A little after ‘the stroke of midnight’, the BJP struck the blow, not for independence or democracy but certainly laying low conventions and parliamentary propriety. President’s Rule was melodramatically revoked close to the Brahma Muhurta (now being renamed Ram Prakhar) and the governor was presumably woken up (if he hadn’t kept an all night vigil) to swear in Devendra Fadnavis as the Chief Minister of Maharashtra for the second time. The Congress and NCP now crying foul have only themselves to blame. The Queen Bee took too long to signal her regal consent to the drones hovering around that the INC may condescend to support a ‘khichdi’ sarkar to keep the dreaded BJP out of power. In the event this procrastinating posturing provided the much more nimble BJP stalwarts time to stage a coup and turn the tables on the ‘Maratha Strongman’. (Though jury is yet out whether it was Sharad Pawar’s Power Play that led Shiv Sena up the garden path.)
There are several points to ponder in this tragic farce. First, the governor hasn’t exactly covered himself in glory by almost emulating the eminently forgettable Fakhruddin Ali Ahmed who in public memory yet green signed the ordinance imposing Emergency in a bathroom tub. Then there is the sad spectacle of the ‘Lion in Winter’ being humiliated by wily foxes who have so far survived on leftovers spared by him. ‘The Autumn of the Patriarch’ is certainly not playing out as planned. According to the swiftly unfolding spectacle, Sharad Pawar has been ‘betrayed’ by his nephew making him look like a babe in the woods populated by ravenous young wolves no longer inclined to follow the aged leader of the pack. But questions remain unanswered about Sharad Pawar’s own ambiguous statements during the most critical phase of developments.
There have been a lot of talk about all parties betraying the mandate of the electorate. It is useful to remind ourselves that the people failed to deliver a clear verdict. True, the BJP and Shiv Sena contested the elections as a pre-poll alliance and the voters returned the Congress and NCP candidates in large enough numbers to muddy waters. We must admit that ideology no longer matters in politics—electoral or otherwise. What decides the fate of governments is sheer opportunism. Dynastic bonds are no longer enough to act as a strong adhesive. When Supriya Sule tweets that her party and family have split, one has a strong sense of deja vu. From Uttar Pradesh to Tamil Nadu, rivalries fuelled by ambition (without ability to match) have resulted in decline and fall of once invincible parties; they appear like crumbling houses weakened by raging family feuds.
Finally, the Chanakya in the BJP may be grinning at the moment but no one can tell who will have the last laugh. For Sharad Pawar and Uddhav Thackeray, it’s the last ditch battle.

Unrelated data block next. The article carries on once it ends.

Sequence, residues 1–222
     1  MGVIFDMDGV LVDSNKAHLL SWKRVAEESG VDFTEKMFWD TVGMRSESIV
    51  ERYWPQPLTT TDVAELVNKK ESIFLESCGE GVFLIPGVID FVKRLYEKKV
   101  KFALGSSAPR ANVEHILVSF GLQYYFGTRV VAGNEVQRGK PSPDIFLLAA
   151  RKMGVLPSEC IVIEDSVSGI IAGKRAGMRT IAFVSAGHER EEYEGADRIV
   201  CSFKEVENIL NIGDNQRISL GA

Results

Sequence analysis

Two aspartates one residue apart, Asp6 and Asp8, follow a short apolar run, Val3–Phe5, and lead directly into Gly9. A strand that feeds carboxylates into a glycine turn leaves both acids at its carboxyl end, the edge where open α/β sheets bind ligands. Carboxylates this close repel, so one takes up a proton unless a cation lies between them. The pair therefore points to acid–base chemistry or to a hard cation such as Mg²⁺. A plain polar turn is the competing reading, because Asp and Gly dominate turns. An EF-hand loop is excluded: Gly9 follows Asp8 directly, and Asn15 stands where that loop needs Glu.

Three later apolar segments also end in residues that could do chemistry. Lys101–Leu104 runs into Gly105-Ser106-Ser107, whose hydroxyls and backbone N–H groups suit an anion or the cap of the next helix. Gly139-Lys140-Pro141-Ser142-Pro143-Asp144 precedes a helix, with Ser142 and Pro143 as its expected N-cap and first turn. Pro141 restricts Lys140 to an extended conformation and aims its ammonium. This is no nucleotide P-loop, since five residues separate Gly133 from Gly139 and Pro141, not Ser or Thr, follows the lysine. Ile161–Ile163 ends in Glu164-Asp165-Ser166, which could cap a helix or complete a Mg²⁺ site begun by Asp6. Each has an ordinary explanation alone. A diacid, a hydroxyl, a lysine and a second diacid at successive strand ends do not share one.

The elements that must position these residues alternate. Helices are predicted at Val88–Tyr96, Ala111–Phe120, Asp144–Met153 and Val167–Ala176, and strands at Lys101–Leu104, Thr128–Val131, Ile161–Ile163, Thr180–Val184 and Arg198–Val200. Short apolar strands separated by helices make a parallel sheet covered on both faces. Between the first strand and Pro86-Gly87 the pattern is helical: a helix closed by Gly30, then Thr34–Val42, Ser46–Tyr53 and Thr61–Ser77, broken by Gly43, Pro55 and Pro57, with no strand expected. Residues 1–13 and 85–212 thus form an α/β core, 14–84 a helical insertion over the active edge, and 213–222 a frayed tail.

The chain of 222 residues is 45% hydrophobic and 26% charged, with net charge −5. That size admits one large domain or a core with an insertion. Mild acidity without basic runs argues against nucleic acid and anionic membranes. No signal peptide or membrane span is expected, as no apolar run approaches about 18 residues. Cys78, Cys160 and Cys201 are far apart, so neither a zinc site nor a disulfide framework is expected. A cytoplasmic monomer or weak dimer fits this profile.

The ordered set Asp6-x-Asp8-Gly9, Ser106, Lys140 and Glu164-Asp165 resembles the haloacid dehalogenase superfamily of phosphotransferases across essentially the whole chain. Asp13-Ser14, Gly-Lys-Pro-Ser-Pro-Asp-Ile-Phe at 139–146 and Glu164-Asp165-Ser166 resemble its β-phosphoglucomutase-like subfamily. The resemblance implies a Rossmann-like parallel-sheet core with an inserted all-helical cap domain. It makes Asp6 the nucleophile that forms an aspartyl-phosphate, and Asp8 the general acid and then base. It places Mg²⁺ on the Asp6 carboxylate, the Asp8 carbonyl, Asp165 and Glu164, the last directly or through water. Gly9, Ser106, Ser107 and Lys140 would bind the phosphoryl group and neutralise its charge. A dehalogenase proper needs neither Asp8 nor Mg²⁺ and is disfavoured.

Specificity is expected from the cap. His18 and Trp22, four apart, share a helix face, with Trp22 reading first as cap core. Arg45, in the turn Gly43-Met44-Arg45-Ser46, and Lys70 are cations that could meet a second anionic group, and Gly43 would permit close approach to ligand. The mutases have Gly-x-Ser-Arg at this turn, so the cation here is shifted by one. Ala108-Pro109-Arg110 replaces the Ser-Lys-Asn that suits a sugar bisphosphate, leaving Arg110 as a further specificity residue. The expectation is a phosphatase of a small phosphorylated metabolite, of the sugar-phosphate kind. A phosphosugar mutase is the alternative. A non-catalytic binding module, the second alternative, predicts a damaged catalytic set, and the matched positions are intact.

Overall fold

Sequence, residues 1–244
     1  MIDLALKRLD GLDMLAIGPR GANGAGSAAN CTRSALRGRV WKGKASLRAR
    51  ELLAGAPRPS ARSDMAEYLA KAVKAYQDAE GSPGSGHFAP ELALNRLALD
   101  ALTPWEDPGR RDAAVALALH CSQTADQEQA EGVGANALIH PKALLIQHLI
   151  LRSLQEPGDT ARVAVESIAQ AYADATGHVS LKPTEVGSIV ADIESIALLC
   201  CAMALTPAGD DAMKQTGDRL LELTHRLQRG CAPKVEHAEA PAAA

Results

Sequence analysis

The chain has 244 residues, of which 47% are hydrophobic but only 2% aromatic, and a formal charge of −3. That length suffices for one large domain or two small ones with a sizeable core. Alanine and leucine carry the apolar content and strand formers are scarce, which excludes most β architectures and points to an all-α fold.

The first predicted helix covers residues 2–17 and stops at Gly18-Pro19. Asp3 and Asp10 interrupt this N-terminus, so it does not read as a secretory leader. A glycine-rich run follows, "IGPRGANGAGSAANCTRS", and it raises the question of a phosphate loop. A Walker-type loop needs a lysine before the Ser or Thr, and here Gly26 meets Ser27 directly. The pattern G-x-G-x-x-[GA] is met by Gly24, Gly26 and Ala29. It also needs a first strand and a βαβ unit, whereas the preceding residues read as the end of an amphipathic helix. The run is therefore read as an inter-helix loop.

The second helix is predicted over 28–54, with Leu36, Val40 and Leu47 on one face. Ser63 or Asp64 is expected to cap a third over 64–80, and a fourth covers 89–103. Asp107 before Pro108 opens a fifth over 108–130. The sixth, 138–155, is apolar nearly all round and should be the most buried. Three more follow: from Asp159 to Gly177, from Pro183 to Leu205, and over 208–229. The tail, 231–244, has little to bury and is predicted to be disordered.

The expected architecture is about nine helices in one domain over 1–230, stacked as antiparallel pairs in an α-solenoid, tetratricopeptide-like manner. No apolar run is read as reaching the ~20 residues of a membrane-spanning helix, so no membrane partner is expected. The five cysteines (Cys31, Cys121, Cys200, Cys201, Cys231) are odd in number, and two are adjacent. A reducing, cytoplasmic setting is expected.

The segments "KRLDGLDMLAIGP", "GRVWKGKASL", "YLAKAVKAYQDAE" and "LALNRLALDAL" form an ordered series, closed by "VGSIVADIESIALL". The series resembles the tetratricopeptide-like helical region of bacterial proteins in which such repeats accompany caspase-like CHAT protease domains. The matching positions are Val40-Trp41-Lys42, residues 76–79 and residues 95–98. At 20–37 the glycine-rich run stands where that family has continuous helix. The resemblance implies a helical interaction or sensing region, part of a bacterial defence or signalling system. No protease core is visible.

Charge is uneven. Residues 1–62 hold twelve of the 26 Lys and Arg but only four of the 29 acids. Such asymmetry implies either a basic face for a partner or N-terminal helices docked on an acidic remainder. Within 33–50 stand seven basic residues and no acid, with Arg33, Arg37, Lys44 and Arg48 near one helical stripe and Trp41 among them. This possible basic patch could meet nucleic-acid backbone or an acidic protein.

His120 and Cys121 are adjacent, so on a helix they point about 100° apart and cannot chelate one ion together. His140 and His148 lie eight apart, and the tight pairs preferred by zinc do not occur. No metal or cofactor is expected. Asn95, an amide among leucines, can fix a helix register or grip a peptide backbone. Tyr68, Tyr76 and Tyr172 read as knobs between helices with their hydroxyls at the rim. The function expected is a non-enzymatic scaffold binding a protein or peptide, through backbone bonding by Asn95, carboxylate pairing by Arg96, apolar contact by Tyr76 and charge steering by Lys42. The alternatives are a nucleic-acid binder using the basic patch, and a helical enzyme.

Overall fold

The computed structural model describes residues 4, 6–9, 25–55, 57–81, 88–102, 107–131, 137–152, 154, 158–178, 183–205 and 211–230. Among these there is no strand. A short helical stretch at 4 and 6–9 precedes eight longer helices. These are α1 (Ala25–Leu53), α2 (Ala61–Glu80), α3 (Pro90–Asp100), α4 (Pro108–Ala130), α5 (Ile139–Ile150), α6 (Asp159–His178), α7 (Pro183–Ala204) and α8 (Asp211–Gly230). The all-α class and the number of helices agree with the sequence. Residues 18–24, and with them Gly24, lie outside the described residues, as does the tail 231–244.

Unless they ensure that the new government fails to pass the trust vote on the floor of the House, it’s curtains for the NCP and Sena. Any ‘victory’ based on yet another series of somersaults by MLAs can only prove to be pyrrhic. What we must not forget is that whoever succeeds in forming the government in the blighted state is unlikely to experience good governance. Enough bad blood has been created to make reconciliation easy. In any case there is no closure in sight. None of the towering stage-strutting leaders in the Sena, BJP, INC lack hubris to self-destruct and take all along with them beyond the edge of the precipice. The NCP supremo has till now enjoyed the reputation of a peerless realist with his feet firmly on ground and sight fixed unwaveringly on low hanging fruit. He too seems to have lost his magic touch on wet floor this time.
Much has been said in praise of contemporary Chanakyas and wily strategists who mixing metaphors can turn tables, pulling the rug at the last moment unsettling election results. Also, there is a great difference between winning strategy in games played according to rules and conspiracy to capture power no holds barred. Horse trading has little in common with game of chess. Money and muscle are of little use where brainpower decides the outcome of a contest. Not so in electoral politics in India. In politics, constant checks do not necessarily indicate a stalemate that both sides can claim as an honourable draw. Not only are we paying the price for continuing mindlessly with ‘first past the post’ system, we are also complicit —not only in Maharashtra—in conceding that winner can claim all.
Neither side has acquitted itself with an iota of honour this time in Maharashtra. Cloaks and daggers have no place in a democracy. And how long can we resort to the court of last appeal to extricate us from the mess created by politicians who swear by a Constitution they seem to be bent upon dismantling in practice?